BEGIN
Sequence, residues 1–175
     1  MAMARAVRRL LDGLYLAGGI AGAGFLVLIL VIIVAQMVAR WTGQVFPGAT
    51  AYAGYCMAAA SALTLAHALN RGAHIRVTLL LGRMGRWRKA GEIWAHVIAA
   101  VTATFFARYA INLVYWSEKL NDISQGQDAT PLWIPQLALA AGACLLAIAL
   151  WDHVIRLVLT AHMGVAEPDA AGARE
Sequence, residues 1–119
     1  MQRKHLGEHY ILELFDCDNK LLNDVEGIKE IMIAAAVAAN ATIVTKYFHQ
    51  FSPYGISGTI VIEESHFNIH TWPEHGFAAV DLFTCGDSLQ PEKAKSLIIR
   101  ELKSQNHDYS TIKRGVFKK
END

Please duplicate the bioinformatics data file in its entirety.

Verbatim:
Sequence, residues 1–175
     1  MAMARAVRRL LDGLYLAGGI AGAGFLVLIL VIIVAQMVAR WTGQVFPGAT
    51  AYAGYCMAAA SALTLAHALN RGAHIRVTLL LGRMGRWRKA GEIWAHVIAA
   101  VTATFFARYA INLVYWSEKL NDISQGQDAT PLWIPQLALA AGACLLAIAL
   151  WDHVIRLVLT AHMGVAEPDA AGARE
Sequence, residues 1–119
     1  MQRKHLGEHY ILELFDCDNK LLNDVEGIKE IMIAAAVAAN ATIVTKYFHQ
    51  FSPYGISGTI VIEESHFNIH TWPEHGFAAV DLFTCGDSLQ PEKAKSLIIR
   101  ELKSQNHDYS TIKRGVFKK